In a recent blog post, we announced the new, free Adobe Target Value Navigator, a unique tool that helps companies discover the most impactful optimization methods to drive conversion rate lift on various pages throughout their websites. In this post, we’ll take a look at the math behind the tool and provide insight into the results that users might see.
In developing this tool, our engineers worked closely with Adobe Consulting Services to put together typical median lift ranges our consultants have observed over nearly a decade of engagements with hundreds of organizations of all sizes. The algorithms behind the tool are built on top of unique lift ranges for each company objective and website page. Where a company will fall in those ranges depends on the website’s total conversions, the optimization tactics deployed and the resources available within the organization. This tool asks these important questions and returns the potential lifts within the lift range that our consultants typically see.
Step 1 of the Value Navigator (see screen shot below) asks users to specify their ultimate optimization goal (for example, increasing revenue per visitor) and rate their company in terms of optimization sophistication (level of resources, executive involvement, etc.). Certain goals are more likely to impact a website’s conversion rate than others. For instance, a goal of increasing revenue per visitor is likely to generate more lift than simply increasing overall website traffic. This step is the ultimate starting point for the algorithm. It is what we used to decide which range they should start in. Also, more sophisticated organizations consistently place higher on the conversion rate lift curve—the more testing you do, the more lift you’ll see. For the algorithm, this means the more sophisticated the organization, the further up the lift scale it will slide.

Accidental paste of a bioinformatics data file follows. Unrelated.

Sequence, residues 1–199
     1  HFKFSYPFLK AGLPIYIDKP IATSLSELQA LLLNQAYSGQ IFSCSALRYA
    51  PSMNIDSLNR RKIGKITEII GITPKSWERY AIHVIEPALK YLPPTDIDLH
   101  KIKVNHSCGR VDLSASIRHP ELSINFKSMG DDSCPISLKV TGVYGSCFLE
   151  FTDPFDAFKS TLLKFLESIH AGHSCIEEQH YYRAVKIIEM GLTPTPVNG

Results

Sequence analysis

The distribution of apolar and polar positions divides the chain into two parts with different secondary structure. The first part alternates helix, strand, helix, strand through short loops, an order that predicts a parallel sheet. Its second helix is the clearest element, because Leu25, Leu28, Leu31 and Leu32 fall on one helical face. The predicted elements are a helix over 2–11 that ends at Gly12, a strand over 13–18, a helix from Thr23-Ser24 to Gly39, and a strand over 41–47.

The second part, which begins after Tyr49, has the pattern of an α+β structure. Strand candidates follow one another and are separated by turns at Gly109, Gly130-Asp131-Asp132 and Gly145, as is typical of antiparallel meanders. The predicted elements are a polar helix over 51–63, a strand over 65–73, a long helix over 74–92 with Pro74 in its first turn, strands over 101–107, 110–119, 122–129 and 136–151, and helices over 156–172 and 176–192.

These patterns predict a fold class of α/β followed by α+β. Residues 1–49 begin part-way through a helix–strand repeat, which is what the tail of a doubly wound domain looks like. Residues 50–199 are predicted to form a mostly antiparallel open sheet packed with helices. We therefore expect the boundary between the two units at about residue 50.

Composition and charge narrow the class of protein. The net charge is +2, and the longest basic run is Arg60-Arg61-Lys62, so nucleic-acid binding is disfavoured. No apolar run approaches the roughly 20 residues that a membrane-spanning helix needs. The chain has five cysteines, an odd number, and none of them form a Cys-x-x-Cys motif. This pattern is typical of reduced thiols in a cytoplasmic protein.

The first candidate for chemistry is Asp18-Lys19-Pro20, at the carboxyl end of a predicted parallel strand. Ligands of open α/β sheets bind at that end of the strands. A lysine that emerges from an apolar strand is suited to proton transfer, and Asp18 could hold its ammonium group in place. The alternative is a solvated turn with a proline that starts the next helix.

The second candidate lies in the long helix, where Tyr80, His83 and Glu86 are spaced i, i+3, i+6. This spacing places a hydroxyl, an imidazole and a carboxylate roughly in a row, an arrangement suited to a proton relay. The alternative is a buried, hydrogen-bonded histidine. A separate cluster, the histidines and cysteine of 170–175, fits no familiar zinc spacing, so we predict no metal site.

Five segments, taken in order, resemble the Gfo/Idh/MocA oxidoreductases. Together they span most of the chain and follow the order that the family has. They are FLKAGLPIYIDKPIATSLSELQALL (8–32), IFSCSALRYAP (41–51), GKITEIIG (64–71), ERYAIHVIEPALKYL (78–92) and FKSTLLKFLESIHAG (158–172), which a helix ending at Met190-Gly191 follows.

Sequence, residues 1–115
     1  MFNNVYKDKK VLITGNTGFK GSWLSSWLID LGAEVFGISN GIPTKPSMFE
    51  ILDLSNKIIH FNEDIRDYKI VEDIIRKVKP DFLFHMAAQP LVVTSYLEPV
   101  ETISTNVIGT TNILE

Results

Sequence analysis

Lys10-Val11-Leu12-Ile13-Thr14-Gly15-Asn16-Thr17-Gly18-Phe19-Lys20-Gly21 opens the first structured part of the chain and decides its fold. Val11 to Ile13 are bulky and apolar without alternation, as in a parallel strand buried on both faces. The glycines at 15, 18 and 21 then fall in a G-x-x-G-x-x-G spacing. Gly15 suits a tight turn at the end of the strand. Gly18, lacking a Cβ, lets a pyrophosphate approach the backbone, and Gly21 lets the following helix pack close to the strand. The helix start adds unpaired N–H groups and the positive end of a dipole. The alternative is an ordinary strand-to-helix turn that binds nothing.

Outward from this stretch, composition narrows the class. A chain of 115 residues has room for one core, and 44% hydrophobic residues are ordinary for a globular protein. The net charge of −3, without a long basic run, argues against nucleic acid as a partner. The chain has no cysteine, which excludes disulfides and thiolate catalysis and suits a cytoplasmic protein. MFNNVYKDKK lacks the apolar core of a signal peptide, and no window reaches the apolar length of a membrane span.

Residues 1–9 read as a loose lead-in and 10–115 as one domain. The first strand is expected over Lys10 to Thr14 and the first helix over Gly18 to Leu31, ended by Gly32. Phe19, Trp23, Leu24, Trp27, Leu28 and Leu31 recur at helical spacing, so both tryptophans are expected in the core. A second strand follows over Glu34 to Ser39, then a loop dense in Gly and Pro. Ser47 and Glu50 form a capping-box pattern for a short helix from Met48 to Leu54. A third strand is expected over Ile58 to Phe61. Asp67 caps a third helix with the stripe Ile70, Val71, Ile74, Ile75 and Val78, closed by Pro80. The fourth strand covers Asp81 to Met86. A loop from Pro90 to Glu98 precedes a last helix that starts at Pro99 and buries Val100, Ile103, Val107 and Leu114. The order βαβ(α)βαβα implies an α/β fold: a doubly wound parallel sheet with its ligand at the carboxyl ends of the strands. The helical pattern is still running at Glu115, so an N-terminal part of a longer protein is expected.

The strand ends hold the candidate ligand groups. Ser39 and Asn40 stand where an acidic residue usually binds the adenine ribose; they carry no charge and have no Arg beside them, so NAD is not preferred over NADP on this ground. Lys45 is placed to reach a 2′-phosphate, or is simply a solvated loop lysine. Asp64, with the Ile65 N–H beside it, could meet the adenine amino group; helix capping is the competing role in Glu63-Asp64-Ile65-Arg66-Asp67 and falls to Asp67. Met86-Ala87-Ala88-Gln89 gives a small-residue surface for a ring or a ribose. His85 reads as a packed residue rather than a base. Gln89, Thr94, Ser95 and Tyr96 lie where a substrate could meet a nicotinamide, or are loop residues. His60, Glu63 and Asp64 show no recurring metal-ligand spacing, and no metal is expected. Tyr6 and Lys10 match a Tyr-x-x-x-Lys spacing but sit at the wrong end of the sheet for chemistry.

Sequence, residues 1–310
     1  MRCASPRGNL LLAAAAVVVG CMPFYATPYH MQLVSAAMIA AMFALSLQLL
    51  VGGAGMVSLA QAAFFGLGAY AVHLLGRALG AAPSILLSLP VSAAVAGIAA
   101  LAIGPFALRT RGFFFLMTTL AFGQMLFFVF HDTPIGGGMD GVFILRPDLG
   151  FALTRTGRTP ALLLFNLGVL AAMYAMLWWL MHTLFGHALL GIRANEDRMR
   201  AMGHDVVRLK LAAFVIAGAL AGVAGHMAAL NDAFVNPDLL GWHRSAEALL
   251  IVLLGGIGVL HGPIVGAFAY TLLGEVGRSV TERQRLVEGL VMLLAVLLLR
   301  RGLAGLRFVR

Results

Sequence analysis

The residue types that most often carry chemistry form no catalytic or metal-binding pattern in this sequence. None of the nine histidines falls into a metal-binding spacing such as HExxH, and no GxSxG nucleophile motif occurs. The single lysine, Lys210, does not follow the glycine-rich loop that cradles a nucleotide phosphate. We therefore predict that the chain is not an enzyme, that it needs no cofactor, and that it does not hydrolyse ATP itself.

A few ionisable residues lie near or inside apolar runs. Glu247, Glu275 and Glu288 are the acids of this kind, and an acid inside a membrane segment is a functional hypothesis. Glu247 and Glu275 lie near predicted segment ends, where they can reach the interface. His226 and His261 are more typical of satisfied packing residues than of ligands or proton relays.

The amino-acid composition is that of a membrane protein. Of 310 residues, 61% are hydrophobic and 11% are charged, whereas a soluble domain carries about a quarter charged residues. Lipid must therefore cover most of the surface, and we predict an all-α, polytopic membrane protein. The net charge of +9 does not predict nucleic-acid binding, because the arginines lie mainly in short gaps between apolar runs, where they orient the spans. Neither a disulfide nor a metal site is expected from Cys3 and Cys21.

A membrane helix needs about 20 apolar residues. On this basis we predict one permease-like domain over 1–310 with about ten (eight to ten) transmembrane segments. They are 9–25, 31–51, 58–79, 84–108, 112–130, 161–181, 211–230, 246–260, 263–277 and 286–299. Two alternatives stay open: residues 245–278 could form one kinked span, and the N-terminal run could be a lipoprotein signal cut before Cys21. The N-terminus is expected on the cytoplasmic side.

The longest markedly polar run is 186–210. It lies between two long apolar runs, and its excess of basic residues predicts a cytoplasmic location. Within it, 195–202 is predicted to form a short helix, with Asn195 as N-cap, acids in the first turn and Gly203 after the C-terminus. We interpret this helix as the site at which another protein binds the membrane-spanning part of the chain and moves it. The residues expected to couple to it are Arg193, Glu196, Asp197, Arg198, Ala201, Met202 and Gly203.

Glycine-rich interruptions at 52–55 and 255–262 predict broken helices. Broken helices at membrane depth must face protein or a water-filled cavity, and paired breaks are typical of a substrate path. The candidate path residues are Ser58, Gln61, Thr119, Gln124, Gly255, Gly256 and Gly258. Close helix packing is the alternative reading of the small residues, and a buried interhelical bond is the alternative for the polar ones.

Conversion rate lift ranges are also affected by the specific targeting methods a company intends to implement, such as automated decisioning and targeting, multivariate testing, or recommendations and cross-selling. This data is collected in Step 2 (see screen shot below). Simply put, the more methods you use, the higher conversion rate you’ll see. We used targeting methods as our standard deviation for the algorithm. The more methods a company implements, the larger swing in conversion rate it will see.
The pages on a website on which targeting will be implemented is a critical factor in the equation, because some pages will have a bigger impact on your conversion rate. For example, different optimization methods tend to work better on a product page versus a home page or landing page. Our equation employs a multiplier based on the potential impact of targeting on a particular page type (3x for a product page, 2x for a home page, etc.).
Once all the inputs are gathered (based on targeting objectives, methods and sophistication), the tool finds and returns the appropriate lift range. In the accompanying screen shot of Step 3, we see that based on the data this user has entered, our equation indicates that using automated decisioning and targeting on product pages, landing pages, and the home page has the potential to increase average conversion rate lift by 111%.
The Adobe Target Value Navigator has been very popular since its launch, and many organizations have used the tool to compare lift ranges and identify the optimization methods that are likely to be most effective. A common takeaway is that although A/B testing is sometimes a great choice for a particular goal or page, there are many other capabilities of Adobe Target that can yield higher lift ranges in certain scenarios. There are many targeting methods, and this tool will help you decide which optimization techniques are best for each of your pages.